Page 9 - Foxtalk Winter 2012

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9
Winter 2012
This timely book
by associate profes-
sor Stephen M. Croucher explores how
misperceptions between Muslims and
Christians in France and Britain perpet-
uate interpersonal and societal conflicts.
In its review of the book, Hampton
Press stressed the relevance of “Religious
Misperceptions” to contemporary con-
flicts like those currently occurring
around the world. Hampton observed
on the book’s website, “In the wake of
numerous historical and current geo-
political, social and economic events/
tragedies,
misunderstandings
have
emerged and proliferated about Islam
and Christianity.”
Croucher said, “Christians explain how
they perceive Islam is changing Europe,
and how this is something Christian
Europe should resist. Muslims on the
other hand, see Europe as an unwelcom-
ing home that expects them to change
and become European but does not un-
derstand or respect their faith or heritage.
This book offers analysis and solutions.”
MARK VAN DYKE
HOT OFF THE PRESS:
What’s new in print
Diversity in U.S. Media,
Catherine A. Luther, Carolyn
Ringer Lepre and Naeemah
Clark (Wiley-Blackwell, 2012)
Religious Misperceptions: The
Case of Muslims and Christians
in France and Britain,
Stephen
M. Croucher and Daniel Cronn-
Mills (Hampton Press, 2011)
Associate professor
Carolyn Lepre’s recent-
ly published textbook focuses on provid-
ing a comprehensive analysis of how age,
gender, race and class are represented in
the media through television, film and
the press. Lepre said that the impact
of media and how attitudes have devel-
oped toward marginalized and minority
groups are tied in throughout the entire
book. The content, however, does not try
to condemn the media for how it has or
has not incorporated diversity. The book
looks at the issue from multiple perspec-
tives, Lepre said.
The book was created using copious ex-
ternal research, including scholarly jour-
nals, television shows to provide a broad
spectrum of representations of diversity
in the media. This was necessary in or-
der to incorporate different representa-
tions found across different communica-
tion mediums. The book also includes an
intensive chapter on theory, Lepre said,
which she is very proud of.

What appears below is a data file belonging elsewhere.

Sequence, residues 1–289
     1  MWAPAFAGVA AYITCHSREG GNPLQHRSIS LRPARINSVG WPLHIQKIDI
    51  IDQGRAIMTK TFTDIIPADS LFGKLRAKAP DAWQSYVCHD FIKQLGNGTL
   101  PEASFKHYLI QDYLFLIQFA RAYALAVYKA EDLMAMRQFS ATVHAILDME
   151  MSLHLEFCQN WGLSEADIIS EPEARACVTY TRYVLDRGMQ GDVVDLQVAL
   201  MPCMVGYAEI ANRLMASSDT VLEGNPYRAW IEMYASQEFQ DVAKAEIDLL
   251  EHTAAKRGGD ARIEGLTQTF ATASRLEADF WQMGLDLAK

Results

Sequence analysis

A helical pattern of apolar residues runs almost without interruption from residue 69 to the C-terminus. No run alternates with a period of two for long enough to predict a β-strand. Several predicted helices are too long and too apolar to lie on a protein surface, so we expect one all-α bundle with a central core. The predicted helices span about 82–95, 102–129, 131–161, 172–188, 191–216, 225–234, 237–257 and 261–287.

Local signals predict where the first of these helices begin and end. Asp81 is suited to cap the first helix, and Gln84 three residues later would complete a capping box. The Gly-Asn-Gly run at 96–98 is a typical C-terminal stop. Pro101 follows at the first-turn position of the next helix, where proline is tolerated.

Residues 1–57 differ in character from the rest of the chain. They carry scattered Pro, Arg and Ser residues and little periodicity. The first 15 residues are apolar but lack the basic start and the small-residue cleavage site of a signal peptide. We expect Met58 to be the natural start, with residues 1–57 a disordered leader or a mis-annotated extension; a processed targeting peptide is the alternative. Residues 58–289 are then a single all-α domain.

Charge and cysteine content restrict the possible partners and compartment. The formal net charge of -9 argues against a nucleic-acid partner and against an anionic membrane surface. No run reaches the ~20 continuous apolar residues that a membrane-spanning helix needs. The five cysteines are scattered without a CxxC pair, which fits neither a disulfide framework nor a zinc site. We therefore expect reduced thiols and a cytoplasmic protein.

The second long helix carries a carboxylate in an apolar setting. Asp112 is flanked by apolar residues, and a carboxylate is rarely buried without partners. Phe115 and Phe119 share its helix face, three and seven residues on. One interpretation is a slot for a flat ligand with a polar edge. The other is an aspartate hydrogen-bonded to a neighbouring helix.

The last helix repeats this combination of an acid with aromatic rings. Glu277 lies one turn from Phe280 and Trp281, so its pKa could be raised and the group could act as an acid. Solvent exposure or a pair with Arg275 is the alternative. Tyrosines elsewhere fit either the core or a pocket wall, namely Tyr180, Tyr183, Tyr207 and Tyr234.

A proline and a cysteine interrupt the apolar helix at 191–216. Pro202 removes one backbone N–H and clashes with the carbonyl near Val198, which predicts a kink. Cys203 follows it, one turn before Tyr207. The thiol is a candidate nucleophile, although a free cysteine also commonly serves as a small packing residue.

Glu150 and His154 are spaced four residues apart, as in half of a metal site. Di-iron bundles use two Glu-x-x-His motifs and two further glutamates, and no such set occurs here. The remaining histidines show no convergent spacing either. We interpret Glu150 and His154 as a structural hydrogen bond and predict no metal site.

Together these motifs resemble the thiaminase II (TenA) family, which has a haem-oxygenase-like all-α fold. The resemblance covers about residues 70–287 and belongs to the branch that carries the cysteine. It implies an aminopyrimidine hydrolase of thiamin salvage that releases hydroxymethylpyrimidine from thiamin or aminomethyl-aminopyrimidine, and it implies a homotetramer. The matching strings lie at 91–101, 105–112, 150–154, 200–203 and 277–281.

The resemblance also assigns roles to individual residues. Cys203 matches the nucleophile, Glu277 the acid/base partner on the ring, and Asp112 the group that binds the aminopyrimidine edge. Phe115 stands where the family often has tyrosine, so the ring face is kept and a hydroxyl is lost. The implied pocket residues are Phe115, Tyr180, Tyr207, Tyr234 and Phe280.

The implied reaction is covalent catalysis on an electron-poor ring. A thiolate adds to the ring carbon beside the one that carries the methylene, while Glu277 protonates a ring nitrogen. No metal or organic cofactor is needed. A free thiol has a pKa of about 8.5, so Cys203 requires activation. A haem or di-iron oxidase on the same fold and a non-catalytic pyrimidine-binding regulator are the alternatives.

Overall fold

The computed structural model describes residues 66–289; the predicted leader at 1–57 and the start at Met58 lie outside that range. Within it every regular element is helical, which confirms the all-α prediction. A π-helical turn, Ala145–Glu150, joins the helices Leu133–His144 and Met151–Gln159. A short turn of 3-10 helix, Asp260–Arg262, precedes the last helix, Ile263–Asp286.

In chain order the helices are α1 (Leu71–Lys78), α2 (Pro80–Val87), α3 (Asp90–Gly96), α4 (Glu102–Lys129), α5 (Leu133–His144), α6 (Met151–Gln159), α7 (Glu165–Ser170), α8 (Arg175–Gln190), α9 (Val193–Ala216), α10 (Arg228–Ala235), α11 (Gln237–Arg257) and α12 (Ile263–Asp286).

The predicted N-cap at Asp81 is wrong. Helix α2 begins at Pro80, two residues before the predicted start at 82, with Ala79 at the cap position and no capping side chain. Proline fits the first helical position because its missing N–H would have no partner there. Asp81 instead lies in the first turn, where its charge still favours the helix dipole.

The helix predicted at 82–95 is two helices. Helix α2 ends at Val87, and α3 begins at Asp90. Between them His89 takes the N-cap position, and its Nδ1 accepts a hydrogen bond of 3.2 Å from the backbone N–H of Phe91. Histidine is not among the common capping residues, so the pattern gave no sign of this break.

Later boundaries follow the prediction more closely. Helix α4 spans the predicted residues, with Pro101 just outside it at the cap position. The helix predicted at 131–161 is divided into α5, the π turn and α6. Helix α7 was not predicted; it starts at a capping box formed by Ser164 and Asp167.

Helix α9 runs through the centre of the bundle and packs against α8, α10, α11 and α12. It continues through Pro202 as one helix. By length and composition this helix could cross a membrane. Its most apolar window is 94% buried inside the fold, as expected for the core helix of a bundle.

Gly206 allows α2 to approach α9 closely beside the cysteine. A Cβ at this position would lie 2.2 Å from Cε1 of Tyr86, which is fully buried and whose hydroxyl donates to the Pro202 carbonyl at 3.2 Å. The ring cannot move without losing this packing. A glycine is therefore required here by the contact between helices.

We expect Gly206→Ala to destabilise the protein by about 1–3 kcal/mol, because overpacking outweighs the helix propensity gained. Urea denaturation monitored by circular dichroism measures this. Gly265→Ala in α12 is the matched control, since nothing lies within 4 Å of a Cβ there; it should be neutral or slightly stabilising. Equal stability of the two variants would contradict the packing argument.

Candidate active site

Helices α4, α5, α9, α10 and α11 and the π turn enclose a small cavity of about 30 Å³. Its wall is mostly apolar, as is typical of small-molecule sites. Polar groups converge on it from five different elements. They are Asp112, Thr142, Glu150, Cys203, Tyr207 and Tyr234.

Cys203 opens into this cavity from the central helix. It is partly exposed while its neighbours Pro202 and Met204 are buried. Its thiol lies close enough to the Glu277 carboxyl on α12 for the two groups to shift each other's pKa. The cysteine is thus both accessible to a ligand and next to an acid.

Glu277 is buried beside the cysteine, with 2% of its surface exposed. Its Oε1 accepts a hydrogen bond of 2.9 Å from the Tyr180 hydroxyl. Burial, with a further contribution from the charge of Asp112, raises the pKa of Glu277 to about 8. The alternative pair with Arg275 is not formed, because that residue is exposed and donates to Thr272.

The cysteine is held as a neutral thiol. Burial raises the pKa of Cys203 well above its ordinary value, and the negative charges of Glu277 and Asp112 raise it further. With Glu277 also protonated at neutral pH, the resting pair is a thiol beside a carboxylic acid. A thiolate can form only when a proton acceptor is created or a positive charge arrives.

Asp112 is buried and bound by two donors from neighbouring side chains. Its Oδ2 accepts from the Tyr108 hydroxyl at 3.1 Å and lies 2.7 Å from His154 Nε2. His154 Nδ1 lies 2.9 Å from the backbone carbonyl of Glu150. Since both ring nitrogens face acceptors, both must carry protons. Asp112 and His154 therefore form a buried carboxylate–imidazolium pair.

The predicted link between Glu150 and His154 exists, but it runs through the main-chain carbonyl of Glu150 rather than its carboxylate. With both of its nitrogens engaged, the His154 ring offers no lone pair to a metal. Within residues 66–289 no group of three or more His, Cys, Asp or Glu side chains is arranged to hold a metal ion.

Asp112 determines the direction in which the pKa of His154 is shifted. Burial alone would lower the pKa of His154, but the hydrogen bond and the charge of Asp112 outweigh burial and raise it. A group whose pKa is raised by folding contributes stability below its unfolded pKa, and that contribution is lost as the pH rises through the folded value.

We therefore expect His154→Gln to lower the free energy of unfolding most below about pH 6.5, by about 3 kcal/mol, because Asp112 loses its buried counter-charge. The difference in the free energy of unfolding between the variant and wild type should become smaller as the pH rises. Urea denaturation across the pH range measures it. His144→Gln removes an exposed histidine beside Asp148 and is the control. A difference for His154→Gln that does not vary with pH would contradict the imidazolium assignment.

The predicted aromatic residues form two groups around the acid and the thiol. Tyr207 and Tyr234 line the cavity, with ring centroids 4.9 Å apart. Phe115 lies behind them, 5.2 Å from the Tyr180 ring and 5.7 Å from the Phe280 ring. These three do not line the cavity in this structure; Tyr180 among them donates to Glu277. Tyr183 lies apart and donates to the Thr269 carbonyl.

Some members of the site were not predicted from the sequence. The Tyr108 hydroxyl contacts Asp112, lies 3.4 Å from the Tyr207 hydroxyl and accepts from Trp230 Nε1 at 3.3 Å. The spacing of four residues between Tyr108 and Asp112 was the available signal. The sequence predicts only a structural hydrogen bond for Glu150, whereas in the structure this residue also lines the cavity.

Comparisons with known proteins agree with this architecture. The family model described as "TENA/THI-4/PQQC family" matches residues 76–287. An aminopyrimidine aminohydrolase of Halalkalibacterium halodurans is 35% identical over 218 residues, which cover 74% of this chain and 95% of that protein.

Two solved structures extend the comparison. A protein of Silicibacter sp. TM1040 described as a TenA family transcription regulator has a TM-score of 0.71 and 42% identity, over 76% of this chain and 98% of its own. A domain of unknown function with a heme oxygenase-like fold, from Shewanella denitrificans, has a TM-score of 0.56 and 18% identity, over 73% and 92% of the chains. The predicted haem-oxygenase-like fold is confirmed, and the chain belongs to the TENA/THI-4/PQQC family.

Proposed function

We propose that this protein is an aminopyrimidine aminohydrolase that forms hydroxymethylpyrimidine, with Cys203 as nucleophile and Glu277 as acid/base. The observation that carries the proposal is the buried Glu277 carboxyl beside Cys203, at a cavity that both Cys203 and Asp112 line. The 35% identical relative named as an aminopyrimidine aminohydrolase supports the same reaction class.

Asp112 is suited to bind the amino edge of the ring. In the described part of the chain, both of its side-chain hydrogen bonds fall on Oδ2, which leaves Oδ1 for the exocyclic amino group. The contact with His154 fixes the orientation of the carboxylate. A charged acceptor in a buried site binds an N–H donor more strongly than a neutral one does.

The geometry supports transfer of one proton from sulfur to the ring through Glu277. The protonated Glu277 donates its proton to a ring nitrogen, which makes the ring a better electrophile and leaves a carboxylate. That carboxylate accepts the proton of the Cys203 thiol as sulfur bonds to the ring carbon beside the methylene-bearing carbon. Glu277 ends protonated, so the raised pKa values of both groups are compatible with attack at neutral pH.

Lepre noted that “most textbooks out
there were anthologies that did not pro-
vide a comprehensive look at the entire
topic.”
Diversity in U.S. Mass Media
is an at-
tempt to rectify that situation. With the
inclusion of a teacher’s manual, a web-
site, discussion questions and a “Digging
Deeper” section for more in depth re-
search, the book is equipped for class-
room usage or as a research source.
Lepre said that she hopes teachers will
be able to use this book in classes and that
they will “use examples of stereotypes in
the media in order to spark discussion.”
The book was co-authored by Catherine
Luther, professor and associate dean for
academic programs at the University of
Tennessee, and Naeemah Clark, assis-
tant professor of communication at Elon
University.
Professors at Marist agree that this
book will be valuable in the classroom.
Shannon Roper, associate professor
of communication and instructor of the
Gender, Culture and Communication
course at Marist, said that this book has
definite potential to be used in classes.
She said that this book “is unique in that
it covers a wide array of issues. It is also
useful because the three authors bring in
multiple areas of expertise.”
Diversity in the media is an issue that is
constantly changing. Keith Strudler, chair
of the Department of Communication,
noted that with the increase in outlets
for publication and broadcasting, there
has been a rise in the variety of programs,
which appeals to a variety of audiences
and produces a more diverse range of
programming.
This is why, Strudler said, the book is
very timely and on topic.
Diversity in U.S. Mass Media
is one step
toward a better understanding of diver-
sity representation in the media among
the public. It attempts to raise awareness
and take a step toward sparking discus-
sion and understanding of the relation-
ship between diversity and the media in
the United States.
“I think the only way there will ever be
an actual change in representation of mi-
nority groups in media,” Lepre said, “is if
there is a change in awareness. Creating
awareness is hugely important.”
MICHELLE CARPENTER,
12